Oh yeah that’s the best part, isn’t it? to be always learning and adapting new things 🙂 I am always always learning and learnt a lot from your article as well. Thanks 😀

  • Jennifer, I love this post! You have inspired me to see what areas of my life I can simplify that I haven’t considered before now. Thank you for that!

    • Thanks so much Erin! I’m glad you enjoyed this list (and I’m super sorry for my slow reply to your comment!) xx

      • Please do not apologize for a slow reply! I am working on not jumping onto my phone each time I think someone may have commented on a post. The distraction takes away from living in the present, which is something I am working hard to rid my life of.

        • You’re awesome 🙂 I’m trying to get into a routine – say 3 mornings a week – for replying to comments/emails. It’s a work in progress though… ?

  • Becky Goddard-Hill

    really inspiraional thankyou

  • Mel G

    I found your blog through Pinterest, I am so glad. You have set a “tone” in your writing that is light, welcoming and as if we were friends chatting over a cup of hot cocoa. I enjoyed this article, and have deactivated my Instagram and Facebook as a way to cut the unnecessary noise in my life.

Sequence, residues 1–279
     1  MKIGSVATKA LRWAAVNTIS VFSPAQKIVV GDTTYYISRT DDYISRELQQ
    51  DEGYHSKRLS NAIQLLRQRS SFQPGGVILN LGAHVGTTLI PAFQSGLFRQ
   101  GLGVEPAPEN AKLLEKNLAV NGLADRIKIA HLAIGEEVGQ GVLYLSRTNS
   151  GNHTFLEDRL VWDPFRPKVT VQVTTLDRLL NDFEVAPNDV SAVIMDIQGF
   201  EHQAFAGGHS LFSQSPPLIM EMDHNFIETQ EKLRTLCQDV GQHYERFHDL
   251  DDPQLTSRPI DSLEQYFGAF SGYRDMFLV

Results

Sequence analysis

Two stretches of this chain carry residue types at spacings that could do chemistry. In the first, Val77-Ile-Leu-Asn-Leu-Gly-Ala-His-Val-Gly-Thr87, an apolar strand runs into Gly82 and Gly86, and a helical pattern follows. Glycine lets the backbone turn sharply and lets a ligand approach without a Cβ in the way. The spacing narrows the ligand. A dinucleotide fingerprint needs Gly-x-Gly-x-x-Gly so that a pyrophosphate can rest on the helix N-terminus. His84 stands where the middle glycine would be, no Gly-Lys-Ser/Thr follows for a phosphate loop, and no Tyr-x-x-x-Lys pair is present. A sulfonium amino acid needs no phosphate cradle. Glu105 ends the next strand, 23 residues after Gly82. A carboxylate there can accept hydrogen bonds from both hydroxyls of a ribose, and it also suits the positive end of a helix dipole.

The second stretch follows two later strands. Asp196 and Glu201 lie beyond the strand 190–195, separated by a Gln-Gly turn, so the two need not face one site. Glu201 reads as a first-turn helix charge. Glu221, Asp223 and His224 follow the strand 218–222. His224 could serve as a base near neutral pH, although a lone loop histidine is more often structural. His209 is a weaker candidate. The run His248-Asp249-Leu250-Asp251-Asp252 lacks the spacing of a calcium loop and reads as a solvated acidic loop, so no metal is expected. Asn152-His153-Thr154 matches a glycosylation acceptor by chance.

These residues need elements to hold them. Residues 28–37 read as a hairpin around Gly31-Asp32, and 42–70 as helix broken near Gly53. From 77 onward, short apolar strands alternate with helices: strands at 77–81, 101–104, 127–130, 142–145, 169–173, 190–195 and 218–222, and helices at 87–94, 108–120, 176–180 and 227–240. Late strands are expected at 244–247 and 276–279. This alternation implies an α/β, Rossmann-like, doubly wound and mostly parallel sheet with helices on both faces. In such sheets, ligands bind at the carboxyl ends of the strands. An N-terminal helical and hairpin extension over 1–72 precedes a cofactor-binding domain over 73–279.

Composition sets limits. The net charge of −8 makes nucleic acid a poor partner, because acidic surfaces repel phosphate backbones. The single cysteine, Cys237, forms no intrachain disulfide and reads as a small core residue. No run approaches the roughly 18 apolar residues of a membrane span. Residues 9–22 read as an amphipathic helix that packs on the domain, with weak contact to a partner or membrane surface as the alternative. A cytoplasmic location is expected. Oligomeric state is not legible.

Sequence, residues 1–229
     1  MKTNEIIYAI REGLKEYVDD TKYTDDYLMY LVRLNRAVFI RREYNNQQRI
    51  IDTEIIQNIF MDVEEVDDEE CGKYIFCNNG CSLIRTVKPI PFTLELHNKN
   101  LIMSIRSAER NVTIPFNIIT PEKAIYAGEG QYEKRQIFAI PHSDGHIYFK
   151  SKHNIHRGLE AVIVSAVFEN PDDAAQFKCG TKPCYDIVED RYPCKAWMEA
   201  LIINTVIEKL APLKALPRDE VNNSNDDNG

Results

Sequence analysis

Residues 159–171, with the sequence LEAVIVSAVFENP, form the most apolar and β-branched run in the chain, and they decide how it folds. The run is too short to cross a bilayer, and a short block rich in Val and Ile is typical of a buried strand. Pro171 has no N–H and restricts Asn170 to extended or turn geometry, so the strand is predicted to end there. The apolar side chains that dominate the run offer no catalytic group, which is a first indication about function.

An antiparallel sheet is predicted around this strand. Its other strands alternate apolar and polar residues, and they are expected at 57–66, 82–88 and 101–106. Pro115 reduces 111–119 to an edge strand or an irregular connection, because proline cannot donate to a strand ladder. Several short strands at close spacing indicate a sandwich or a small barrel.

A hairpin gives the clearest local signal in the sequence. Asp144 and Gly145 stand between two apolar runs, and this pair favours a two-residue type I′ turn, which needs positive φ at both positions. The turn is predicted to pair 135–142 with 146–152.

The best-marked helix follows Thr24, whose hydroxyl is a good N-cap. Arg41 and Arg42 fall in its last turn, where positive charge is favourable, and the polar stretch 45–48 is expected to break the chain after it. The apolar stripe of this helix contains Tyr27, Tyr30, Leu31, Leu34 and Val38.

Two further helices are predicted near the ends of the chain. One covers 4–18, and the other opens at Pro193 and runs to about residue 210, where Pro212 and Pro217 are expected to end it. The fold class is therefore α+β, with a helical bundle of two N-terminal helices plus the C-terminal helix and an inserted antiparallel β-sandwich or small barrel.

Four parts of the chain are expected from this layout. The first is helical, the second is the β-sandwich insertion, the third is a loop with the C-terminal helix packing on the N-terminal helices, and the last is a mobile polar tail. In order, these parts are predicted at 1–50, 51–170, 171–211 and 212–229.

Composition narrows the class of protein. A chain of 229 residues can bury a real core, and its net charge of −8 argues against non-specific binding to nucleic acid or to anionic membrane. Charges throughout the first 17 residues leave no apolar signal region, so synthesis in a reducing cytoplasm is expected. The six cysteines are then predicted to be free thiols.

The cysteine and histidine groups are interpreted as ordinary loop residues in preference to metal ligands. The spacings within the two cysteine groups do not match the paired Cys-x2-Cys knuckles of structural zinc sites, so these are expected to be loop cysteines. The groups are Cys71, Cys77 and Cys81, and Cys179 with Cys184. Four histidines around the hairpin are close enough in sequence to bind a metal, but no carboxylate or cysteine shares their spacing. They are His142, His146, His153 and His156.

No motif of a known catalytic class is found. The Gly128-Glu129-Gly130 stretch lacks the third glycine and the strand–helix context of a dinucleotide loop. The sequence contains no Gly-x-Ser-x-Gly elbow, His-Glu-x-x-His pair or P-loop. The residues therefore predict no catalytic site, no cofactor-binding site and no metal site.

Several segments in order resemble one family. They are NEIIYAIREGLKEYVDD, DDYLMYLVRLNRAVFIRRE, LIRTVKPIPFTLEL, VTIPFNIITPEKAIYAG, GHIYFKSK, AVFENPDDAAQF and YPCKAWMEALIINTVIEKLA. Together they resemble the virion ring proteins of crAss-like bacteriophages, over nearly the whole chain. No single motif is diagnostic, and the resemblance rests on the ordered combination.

• Hi Mel, thank you so much for your kind words!! They really mean a lot to me ☺️

    Wow, I’m so impressed that you’ve deactivated your social media accounts! I try not to use mine too much (except for ‘blog’ related things) but it’s a challenge. That is really inspirational, thank you! x

  • I always love stumbling onto your blog posts because they are so thoughtful and useful. I love how you’ve simplified and even found some areas I can think more about!

  • Such a great post Jennifer and a confidence boaster. Simplicity really does make our lives a hell lot easier but unfortunately we try making it as difficult as we can by indulging too much in material possessions and negative thoughts. I am 34 and have been interested in a more simple life for the last couple of years. I am convinced less time/money spent on things will result in more time for the Kingdom. Your post may be just what I need to take the plunge. (I hope my husband want to jump in with me).

    Alina ♡

  • Varela Melissa

    Great post! I came across your blog on Pinterest and its heaven sent! You truly have inspired me into wanting to embrace minimalism! Thank you!